Water Security is a problem that is at the heart of The World Bank’s two very important goals: ending extreme poverty and boosting shared prosperity. It is therefore timely to bring together all the global knowledge to solve the water agenda. Water is more than people versus profit versus planet; it is life, and the most important, precious resource available to mankind. But how do you get people to value water? It is interesting how scarcity forces the question to be answered. In moving forward, there must be a fundamental rethink about ways to safeguard and guarantee water for future generations. Very useful measures have to be taken to tackle dryness and properly address water scarcity before it becomes a crisis situation.
Wastewater reuse by industries and utilities should be encouraged, like the example of Windhoek, Namibia, where wastewater is reused for water supply. There may be some social resistance, but then, you can never underestimate the power of persuasion as has been shown in this case. Wastewater can be reused for irrigation, gardening and sports fields. Greywater can be reused for activities that do not require high quality water, like flushing toilets and watering lawns, while conserving freshwater. Treated wastewater should be discharged for groundwater recharge by industries and utilities. In regions where polluted rivers cannot be used for ground water recharge, tackling sanitation and regulation for industries disposing wastewater into rivers should be uppermost in reducing pollution, while allowing the rivers to regenerate over time.
Groundwater over abstraction has to be dealt with through proper governance, and ensuring high levels of groundwater recharge. Utilities need to be very efficient, and implementation of regulation uppermost, notwithstanding resistance from big time water consumers. Irrigation for food production is the greatest source of water consumption at about 80%, so the trade-off must be managed. There should also be more research into micro-irrigation schemes to improve yield with minimal use of water.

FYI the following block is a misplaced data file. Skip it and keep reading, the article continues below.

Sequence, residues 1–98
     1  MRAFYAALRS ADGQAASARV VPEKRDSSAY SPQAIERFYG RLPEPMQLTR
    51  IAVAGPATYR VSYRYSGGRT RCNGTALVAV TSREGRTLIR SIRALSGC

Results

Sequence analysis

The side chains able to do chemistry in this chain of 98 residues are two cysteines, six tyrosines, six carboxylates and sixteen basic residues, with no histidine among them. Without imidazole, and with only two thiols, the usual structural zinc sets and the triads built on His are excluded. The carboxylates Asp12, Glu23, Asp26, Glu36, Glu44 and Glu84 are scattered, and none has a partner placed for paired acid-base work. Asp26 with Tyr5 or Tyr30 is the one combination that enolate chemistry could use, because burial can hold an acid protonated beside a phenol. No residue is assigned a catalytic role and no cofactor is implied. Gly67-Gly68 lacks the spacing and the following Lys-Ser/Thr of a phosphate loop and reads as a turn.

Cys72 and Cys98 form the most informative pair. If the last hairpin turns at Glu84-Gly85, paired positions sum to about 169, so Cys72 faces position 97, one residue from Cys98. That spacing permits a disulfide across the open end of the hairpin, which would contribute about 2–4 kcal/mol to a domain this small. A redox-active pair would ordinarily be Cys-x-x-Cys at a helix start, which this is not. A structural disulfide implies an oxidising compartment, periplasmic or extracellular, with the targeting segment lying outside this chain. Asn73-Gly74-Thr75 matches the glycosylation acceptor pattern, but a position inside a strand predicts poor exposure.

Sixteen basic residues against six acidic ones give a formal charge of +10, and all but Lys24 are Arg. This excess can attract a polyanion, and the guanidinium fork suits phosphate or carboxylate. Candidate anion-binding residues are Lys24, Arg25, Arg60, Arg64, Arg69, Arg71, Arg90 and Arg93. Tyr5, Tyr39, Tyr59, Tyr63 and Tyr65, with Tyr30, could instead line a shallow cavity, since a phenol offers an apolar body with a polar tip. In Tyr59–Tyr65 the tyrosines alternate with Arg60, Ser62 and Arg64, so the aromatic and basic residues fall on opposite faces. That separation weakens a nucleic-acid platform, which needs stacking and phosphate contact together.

Behavioural change to use less water should be addressed in schools, furthermore, engaging the media to play a vital role in projecting water saving measures. For example in Southern Nevada, 93% of wastewater is recycled, and aggressive conservation campaign succeeded in reducing the amount of water used by a third, despite an increase in population of 400,000. Improved pricing should also be introduced with penalised billing for overuse. Concessions can be made to cater for the economically disadvantaged in society by introducing a minimum charge, as they are usually willing to pay a token for reliable service delivery, and this would prevent abuse of water. Political influence has to be properly managed through better water governance that responds to public interest.
A coherent and structured approach to water management is needed. Institutionalisation along with governance systems, policy development, regulation and implementation has to be addressed. Utilities have to do more to tackle the issue of unaccounted for water resulting from waste and leakages. It is highly irresponsible practise to have values as high as 50% loss reported. I remember an instructor at Osaka Municipal Water asking someone, “How would you feel if 50% of your take home pay is lost?” That is the enormity that most utilities have failed to come to terms with.
Technology should be harnessed in the most useful way and overall service delivery has to be very efficient. What would work in a particular region depends on the specifics of geography, water sources, industrialisation, level of urbanisation etc. Regions along the coastline could explore the option of desalination technology which is widely used in Australia, Spain and Israel. With the carbon footprint from energy intensive desalination plants, one might wonder if this should be an option. Perhaps the use of renewable energy for desalination should be spearheaded for a more acceptable carbon footprint.
Overall, a conscious effort is needed to reduce demand for freshwater, improve service delivery, and address water scarcity through political will and public awareness. The entire water life cycle, which is the whole cradle to grave approach, should also be considered. You can watch The World Bank Spring Meetings 2015 on water security http://live.worldbank.org/ensuring-water-security-for-all